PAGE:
Malleable Musings

December 6, 2009

Anti-social blogging

Filed under: Volleyball, Wordpress — Brendan @ 10:43 pm

Last weekend I did a WordPress installation. (I also finally got around to having a five minute play on Google Wave.)

Whilst doing this I was reminded that I’ve written before that tools are used differently by different people.  I was reminded of this because I didn’t start waving publicly and I had no intention of using WordPress conventionally as a blog.

Instead I’m thinking of using WordPress as a simple web back-end for a five web-page site for my volleyball club because:

  1. It can be updated easily from an iPhone which is important for updating scores from the game.  From this tweet it seems that I’m not the only person thinking in this way.
  2. I wanted to produce a better browsing experience for iPhone/smartphone users.  I could have done this by looking at writing some new CSS but it probably would have meant additional JQuery work whereas WordPress has a great WP-touch plugin that can just be turned on.  So I figured that it might just be simpler and better to move the site over to WordPress (as it also adds a great deal of flexibility e.g. the site could be easily updated by others within the club if need be).

The installation was extremely straightforward – as they claim it really is a five minute installation.  Although it was far from a five minute job to get the site up and running.  In fact although I’ve got something working well in a subfolder I’ve not replaced the current site yet.

I’ve spent a couple of hours on this little project over the course of a week (and have made a note of what I’ve done so far below for my own reference):

1) I dropped some content in to blog pages.

2) Find some way of displaying Google Maps on the blog. I tested a few different variants but settled on the Google Maps Plugin for WordPress primarily because it’s incredibly simple and allows relative scaling of the map.

3) I also needed the Exec-PHP plug-in as I use this to run a simple include lifting the league table from the Associations webpages and inserting it on the Results and Fixtures page.

4) Find a theme that I could easily modify.  I settled on Starscape.  To modify it I did the following (N.B. again I’ve listed these in full to remind myself of what I did):

  • Knock off some of the features that I didn’t want – e.g. date icons on posts, the links to home and RSS in the header, one of the sidebars and the footer.
  • Added a new favicon.
  • Moved the search below the sidebar
  • Centralised and reduced the size of the text in the header.
  • Created three PNG images for the header and footer – center and top and footer images (although I think I might need to re-look at these as I don’t think that they work in the way I’d like yet).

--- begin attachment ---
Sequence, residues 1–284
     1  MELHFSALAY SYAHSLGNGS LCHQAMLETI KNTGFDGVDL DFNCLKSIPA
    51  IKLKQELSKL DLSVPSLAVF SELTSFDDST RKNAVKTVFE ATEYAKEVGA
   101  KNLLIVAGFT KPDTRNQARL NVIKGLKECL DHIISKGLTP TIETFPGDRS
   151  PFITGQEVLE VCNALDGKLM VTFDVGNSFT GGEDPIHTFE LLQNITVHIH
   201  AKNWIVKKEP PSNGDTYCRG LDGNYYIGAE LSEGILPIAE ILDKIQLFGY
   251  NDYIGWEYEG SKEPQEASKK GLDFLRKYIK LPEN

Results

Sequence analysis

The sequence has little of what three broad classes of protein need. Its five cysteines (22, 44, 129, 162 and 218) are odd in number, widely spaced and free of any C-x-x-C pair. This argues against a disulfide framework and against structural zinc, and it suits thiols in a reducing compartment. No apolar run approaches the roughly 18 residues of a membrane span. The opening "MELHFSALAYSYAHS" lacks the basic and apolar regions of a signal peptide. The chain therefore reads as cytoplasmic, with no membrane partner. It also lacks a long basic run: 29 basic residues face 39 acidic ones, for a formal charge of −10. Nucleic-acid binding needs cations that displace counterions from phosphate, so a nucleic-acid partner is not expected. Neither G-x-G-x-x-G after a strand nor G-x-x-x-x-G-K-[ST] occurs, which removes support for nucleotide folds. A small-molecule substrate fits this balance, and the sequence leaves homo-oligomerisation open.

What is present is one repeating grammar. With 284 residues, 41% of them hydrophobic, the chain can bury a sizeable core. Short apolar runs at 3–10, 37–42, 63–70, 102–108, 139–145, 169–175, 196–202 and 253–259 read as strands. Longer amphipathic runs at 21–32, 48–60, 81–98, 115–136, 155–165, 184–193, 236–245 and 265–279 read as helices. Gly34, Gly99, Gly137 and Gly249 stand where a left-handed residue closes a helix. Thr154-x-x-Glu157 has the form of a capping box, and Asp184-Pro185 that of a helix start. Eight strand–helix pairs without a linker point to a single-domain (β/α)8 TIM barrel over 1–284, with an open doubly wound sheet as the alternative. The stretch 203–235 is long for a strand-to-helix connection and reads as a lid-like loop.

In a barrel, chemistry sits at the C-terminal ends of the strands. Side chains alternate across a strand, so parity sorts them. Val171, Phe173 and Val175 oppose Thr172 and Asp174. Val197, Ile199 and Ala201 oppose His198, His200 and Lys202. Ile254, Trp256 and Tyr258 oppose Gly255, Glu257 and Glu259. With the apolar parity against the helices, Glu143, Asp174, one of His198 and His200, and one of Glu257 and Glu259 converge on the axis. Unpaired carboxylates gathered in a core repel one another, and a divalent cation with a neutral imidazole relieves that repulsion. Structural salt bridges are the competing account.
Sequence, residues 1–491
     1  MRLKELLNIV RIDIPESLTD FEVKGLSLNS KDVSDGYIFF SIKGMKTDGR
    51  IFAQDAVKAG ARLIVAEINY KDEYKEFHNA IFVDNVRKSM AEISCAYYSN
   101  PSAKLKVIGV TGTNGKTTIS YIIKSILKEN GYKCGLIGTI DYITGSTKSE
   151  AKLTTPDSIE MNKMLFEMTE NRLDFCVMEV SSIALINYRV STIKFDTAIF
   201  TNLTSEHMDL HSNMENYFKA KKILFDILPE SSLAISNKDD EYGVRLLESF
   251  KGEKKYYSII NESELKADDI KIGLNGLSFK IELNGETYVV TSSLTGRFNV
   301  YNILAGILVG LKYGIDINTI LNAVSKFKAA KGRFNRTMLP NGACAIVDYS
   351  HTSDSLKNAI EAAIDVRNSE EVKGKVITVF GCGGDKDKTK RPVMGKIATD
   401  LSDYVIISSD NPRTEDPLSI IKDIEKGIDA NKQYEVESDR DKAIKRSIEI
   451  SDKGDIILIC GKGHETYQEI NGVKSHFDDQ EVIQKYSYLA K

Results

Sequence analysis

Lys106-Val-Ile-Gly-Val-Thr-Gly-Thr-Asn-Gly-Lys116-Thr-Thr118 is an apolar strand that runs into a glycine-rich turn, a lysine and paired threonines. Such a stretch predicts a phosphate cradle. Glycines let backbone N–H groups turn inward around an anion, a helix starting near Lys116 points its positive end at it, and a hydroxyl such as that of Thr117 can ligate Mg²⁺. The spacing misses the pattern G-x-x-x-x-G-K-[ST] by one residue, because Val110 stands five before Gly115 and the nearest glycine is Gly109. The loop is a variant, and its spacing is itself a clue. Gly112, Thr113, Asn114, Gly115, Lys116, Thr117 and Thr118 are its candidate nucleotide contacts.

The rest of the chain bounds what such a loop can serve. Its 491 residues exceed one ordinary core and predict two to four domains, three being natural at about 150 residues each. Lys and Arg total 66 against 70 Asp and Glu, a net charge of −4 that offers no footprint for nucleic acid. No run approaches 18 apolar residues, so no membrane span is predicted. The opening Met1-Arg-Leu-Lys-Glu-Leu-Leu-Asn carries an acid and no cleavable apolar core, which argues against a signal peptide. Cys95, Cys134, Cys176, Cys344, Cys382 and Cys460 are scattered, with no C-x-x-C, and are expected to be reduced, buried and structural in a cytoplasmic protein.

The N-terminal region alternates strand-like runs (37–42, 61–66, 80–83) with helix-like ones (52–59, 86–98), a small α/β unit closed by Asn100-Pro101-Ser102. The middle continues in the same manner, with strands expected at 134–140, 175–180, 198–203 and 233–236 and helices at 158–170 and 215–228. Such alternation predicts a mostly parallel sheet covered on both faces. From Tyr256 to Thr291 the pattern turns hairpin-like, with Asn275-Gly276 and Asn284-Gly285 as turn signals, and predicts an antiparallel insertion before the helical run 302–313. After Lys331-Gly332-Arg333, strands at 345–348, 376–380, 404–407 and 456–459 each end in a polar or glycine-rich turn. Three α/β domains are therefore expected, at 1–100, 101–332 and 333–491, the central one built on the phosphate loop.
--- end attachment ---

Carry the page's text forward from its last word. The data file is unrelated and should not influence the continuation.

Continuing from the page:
• Modded a couple of the php files (Page Template – page.php) – e.g. changing words from things like “Published” to “Last updated” etc.

5) Installed and configured the WP-Touch plug-in.  This was actually far easier than modifying the theme.  All it really took was choosing what not to show, shortening the name of the site and uploading a couple of icons.  I did have a bit of difficulty with the home page redirection setting.  It claimed that there were too many redirects.  However simply changing this to the default WordPress setting made all of the difference.

This was the first time I’d played about with WordPress or looked properly at what it can do.  Having seen various  plug-ins and options I know I’ve not even scratched its surface yet.

My only difficulty so far has been finding option settings.  For example when installing the Google Maps Plugin the documentation said “install it in the plugin’s admin page under Options”.  This left me a little lost.  I couldn’t immediately see the admin page and spent some time searching around the php files before eventually realising the admin page can be found under Settings on WordPress rather than within the plugins section.

I still need to do a bit more testing before I send my little site live.  However having got this far I can see myself catching a bug and writing my own custom themes.



  1. B,

    I’ve been using WordPress for a number of years now, both as a blogging mechanism (about here runs on it) and for building commercial websites.

    I agree, it does take some getting used to and over the past few years I’ve grown with the tool. When I first started out with it, there were far less features than there now are.

    If you get stuck with it, or need any help, let me know. I keep meaning to write an article on the plugins I find most useful.


    Comment by Rob — December 7, 2009 @ 3:32 pm

  2. Rob, thanks for the comment and the offer of help. I may well take you up on it.

    In looking around the blogosphere I found quite a few best plug-in posts – I think this one (Top 30 WordPress plugins that are actually useful is quite good. It lists lots of good plug-ins but also remind you about the basics of thinking about your reader and thinking about what you are trying to communicate and why.

    I definitely be interested in seeing your list and also I probably need to pick your brains about something else soon. I’ll be in touch.

    Comment by Brendan — December 7, 2009 @ 7:13 pm

  3. Ooops – I must not have clicked the subscribe link in my email when I told it I wanted to be notified of follow up comments. Sorry!

    List is here:

    Gonna have a look at the site you linked to also.

    Comment by Rob — December 21, 2009 @ 10:32 am

  4. Just had a look at the link you gave – I wouldn’t necessarily go with the ones listed there. The article is 18 months old. I used to use many of them but have either replaced them or had to get rid of them because they aren’t supported / updated any more.

    Comment by Rob — December 21, 2009 @ 10:37 am

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